Adam R. Hazlett


"I never let schooling interfere with my education."

                                                                                  Mark Twain

Adam R. Hazlett
English & World Languages Division
  & Religious Studies Department
Campus Safety Building, N-231
Phone: (313) 845-6406

Teaching Philosophy

I believe every person is a writer.  We constantly create personas, identities and stories that represent ourselves to the world.  If you carry on conversations or have ever related gossip to a friend, you are a writer.  I believe that the secret to writing in an academic setting is much like learning what to say or not to say in front of a boss, a co-worker or a grandmother it is a matter of learning conventions and applying observation and experience.     Academic writing in an academic world is not always easy for writing students.  I strive to provide each writer with the tools needed to write in any circumstance through analysis of purpose, audience, style and content in their writing.


English 131 - Composition 

In this class we will read a series of essays concerning human experience.  We will delve into the conventions of writing while emphasizing critical thinking.  I constantly ask students to not only struggle with the views and ideas presented in the material, but also to apply new ideas, perceptions, and/or interpretations to their life.

English 132 - Composition II

In this class we will read a series of novels or plays.  Although this class is focused on research writing and literary study, we ultimately are looking at what makes us tick as humans.  We look at theme, structure, characterization, point of view and symbolism in the texts and then present our interpretations through academic writing.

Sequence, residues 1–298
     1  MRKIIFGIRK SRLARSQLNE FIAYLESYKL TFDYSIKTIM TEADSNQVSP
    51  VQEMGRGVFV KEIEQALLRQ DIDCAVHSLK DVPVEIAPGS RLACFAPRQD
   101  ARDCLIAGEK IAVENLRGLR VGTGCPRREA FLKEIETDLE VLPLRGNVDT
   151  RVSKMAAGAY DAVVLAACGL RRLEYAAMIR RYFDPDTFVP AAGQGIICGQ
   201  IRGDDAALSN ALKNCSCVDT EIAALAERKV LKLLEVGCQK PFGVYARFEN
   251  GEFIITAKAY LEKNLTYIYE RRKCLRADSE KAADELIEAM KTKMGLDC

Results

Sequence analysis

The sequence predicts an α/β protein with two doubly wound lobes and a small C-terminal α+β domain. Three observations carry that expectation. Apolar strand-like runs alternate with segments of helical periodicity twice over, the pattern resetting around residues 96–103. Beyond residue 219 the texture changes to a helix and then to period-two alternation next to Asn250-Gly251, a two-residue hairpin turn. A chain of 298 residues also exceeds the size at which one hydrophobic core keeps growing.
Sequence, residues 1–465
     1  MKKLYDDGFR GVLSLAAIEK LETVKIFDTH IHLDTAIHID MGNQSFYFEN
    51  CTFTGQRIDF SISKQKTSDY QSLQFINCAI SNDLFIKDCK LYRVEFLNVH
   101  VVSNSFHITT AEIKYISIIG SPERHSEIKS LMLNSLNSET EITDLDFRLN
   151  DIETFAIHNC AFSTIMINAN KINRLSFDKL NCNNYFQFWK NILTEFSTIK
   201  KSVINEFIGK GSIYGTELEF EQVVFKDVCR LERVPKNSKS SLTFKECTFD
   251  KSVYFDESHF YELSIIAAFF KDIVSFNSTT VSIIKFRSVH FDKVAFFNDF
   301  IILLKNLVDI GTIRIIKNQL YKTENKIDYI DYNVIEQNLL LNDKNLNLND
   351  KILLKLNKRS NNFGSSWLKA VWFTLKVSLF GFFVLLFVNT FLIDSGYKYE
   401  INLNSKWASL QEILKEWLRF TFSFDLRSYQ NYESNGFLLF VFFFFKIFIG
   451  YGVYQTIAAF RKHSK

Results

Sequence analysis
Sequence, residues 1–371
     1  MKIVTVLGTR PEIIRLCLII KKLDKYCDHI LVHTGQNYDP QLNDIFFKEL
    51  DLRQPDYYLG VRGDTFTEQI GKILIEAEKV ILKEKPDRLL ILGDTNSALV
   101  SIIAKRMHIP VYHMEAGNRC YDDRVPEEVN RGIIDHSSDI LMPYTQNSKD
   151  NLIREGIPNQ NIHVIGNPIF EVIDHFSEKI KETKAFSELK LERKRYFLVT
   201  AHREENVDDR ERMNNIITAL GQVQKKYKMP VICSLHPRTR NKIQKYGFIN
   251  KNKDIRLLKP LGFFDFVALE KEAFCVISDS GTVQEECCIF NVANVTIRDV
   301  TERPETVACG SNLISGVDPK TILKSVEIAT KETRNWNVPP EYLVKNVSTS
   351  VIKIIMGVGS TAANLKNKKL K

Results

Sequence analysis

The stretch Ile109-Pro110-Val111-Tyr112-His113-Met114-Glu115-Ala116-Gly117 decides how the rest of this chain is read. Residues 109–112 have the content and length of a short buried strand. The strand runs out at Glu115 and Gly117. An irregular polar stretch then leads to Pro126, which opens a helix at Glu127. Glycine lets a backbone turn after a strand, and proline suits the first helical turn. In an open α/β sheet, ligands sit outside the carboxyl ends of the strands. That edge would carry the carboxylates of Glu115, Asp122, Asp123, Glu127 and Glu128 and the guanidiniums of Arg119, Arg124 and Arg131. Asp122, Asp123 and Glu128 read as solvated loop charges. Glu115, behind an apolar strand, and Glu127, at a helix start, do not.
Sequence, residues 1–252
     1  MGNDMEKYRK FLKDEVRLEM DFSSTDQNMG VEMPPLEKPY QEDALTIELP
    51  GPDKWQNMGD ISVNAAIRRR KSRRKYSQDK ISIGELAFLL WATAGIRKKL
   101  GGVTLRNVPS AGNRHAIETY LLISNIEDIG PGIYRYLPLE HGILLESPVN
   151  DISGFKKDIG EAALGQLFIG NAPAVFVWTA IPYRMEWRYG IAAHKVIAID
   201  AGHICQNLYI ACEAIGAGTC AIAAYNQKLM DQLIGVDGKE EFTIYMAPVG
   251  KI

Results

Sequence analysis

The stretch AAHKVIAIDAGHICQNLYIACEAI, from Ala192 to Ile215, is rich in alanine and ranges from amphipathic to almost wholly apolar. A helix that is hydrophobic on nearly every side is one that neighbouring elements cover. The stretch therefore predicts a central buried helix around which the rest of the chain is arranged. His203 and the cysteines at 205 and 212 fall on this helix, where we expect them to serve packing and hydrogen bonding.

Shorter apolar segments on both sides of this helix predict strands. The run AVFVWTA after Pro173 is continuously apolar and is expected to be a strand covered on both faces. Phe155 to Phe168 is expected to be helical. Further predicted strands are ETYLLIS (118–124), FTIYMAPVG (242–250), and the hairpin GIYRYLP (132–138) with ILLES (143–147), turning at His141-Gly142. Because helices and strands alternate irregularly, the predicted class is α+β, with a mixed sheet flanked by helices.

English 245 - Bible as Literature 

In this class we will read the Bible as a literary text. We do get into Biblical history and politics as well as information about how the Bible was constructed. This is not a religion class, but rather serves the purpose to investigate one of the most influential texts in western civilization.

World Religion 131 - Comparative Religion

In this class we study some of the world's major religions.  Topics include Hinduism, Buddhism, Judaism, Christianity, Islam, and various ancient and new faiths.  This is a challenging class for some, because they have to learn about faiths other than their own.


BeliefNet Online Religious Studies

Sample 132 Paper

Theory Resources for 132 Students



Extra Credit!!!



"Perhaps the most valuable result of all education is the ability to make yourself do the thing you have to do, when it ought to be done, whether you like it or not; it is the first lesson that ought to be learned; and however early a man's training begins, it is probably the last lesson that he learns thoroughly."

                                                                                 Thomas H. Huxley

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